Those studies have shown some weight loss and increase in metabolism in patients who are treated not with levothyroxine alone, but with a T4/T3 combination therapy—such as levothyroxine plus liothyronine (synthetic T3), or natural desiccated thyroid drugs like Nature-thyroid and Armour, which include both T4 and T3.

A Changed Metabolic "Set Point"

Your metabolism works to protect you from starvation, ensure sufficient energy, and to maintain you at what’s known as a “set point”—a particular weight that, like a 98.6-degree body temperature, your body tries to maintain. Initially, as you start to take in too many calories, or your metabolism slows, you will notice a small increase in weight gain. When operating normally, your metabolism will then speed up to burn off extra weight gain, your appetite drops, and your weight returns back to your normal set point.

If your metabolism is chronically slower—such as seen in hypothyroidism—and you take in more calories than you burn, the body then establishes a new, higher weight set point.

Take the example of a 5-foot-7-inch woman who weighs 160 pounds and maintains her weight on 2500 calories a day. She becomes hypothyroid and over the period of a year or two gains 50 pounds. Technically, based on body weight alone, she now needs 2800 calories a day to maintain her weight of 210 pounds. If she kept her calorie intake at 2500, would she lose the extra 50 pounds? Rarely, because not only is her hypothyroidism slowing down her metabolism, but as she drops calories and weight her metabolic rate actually slows down as well. So she might lose some weight, but she will have a higher set point, even as she is consuming the same level of calories as another woman who far less.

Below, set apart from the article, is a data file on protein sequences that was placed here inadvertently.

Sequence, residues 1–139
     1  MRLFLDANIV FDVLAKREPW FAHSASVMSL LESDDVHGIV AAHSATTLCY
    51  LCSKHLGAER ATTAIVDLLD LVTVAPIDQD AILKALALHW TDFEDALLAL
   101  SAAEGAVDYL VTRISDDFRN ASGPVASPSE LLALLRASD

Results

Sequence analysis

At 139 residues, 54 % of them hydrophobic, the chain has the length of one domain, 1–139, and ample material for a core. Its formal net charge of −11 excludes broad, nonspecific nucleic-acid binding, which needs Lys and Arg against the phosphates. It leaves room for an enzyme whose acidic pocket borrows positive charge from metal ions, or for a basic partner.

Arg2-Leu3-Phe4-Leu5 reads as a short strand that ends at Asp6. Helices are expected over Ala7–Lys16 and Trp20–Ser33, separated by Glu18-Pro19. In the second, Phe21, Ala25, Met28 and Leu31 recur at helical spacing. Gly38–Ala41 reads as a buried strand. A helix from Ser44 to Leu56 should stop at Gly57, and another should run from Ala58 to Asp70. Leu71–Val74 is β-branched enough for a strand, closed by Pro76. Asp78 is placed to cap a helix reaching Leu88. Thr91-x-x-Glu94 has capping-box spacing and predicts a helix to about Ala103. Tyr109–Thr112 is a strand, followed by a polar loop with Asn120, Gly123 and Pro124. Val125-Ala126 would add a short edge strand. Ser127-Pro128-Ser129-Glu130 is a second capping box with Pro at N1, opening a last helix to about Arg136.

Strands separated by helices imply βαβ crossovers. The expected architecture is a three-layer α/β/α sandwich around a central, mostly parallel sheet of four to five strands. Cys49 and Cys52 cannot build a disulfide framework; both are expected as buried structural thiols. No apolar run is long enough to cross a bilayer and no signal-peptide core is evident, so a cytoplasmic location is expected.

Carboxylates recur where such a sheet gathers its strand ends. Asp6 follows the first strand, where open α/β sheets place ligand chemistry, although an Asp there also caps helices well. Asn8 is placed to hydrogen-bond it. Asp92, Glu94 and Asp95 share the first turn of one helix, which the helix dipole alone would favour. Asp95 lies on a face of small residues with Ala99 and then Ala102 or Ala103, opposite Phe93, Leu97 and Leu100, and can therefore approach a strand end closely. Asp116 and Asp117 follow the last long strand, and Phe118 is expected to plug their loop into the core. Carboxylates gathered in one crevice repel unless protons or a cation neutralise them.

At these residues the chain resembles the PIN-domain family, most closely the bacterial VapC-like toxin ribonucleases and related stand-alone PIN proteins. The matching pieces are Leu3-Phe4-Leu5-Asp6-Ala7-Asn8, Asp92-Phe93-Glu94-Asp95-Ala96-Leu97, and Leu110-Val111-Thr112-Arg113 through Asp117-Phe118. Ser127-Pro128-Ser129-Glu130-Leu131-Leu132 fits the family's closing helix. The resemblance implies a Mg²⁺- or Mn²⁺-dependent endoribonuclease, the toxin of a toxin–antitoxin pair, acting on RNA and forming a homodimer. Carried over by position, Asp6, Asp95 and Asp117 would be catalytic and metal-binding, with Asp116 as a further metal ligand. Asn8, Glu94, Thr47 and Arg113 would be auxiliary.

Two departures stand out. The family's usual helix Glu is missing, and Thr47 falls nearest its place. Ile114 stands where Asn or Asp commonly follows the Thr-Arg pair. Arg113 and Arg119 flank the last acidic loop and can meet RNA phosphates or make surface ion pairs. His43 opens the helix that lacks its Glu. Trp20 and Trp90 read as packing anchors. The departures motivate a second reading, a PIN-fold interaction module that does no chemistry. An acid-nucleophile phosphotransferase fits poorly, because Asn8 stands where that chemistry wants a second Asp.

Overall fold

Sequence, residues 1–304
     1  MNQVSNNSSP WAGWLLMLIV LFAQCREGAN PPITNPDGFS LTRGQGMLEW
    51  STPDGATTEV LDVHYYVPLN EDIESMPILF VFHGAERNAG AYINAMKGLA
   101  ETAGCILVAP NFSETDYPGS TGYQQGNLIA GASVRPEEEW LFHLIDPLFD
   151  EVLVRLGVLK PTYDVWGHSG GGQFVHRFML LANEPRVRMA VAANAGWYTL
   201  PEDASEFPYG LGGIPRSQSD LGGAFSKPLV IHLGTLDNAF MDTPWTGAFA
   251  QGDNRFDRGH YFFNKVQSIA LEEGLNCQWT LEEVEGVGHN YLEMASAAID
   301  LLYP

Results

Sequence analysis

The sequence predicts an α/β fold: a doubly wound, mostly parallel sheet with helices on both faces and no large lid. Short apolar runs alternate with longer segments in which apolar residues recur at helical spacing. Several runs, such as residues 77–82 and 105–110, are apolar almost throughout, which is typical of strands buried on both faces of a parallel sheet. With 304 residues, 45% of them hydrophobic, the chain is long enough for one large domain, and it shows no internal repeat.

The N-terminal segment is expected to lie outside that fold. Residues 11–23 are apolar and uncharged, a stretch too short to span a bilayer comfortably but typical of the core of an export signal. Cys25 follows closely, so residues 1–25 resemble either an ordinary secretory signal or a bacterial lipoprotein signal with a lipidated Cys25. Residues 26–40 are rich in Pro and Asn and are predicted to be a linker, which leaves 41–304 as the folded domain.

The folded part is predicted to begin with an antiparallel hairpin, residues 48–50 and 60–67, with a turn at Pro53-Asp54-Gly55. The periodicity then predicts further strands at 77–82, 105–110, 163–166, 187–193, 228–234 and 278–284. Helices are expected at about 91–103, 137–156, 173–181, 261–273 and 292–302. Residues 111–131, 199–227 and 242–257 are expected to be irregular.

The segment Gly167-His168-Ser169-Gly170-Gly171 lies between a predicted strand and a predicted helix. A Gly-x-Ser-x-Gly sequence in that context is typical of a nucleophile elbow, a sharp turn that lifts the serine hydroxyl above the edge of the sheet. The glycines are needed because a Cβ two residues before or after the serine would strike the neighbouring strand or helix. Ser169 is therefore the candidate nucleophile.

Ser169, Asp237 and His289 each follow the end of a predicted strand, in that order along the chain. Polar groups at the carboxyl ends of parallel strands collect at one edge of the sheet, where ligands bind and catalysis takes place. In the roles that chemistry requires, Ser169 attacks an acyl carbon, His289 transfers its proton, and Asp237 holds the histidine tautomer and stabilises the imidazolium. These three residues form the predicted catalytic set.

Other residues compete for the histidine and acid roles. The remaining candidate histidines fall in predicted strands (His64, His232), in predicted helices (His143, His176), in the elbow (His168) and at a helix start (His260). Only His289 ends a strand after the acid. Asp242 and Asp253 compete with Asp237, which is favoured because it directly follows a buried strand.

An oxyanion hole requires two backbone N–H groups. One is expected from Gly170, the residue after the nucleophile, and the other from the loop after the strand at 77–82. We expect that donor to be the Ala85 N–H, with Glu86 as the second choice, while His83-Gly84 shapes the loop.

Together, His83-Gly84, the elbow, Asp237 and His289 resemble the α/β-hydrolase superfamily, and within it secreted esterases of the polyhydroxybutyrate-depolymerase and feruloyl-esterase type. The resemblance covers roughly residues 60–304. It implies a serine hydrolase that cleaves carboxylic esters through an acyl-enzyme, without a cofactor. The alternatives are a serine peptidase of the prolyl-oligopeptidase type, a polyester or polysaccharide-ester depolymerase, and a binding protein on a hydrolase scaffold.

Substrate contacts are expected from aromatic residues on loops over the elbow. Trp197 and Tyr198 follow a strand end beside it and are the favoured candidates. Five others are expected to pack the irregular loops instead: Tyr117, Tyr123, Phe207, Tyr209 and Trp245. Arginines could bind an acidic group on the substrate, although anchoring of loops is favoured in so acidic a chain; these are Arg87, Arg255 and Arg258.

This issue of metabolism is one of the factors behind the mystery of someone who apparently eats even more than you do, doesn’t exercise more, but maintains a lower weight, or conversely, someone who doesn’t eat as much as you, but doesn't eat that much and gains weight or can’t lose weight.

Changes in Brain Chemistry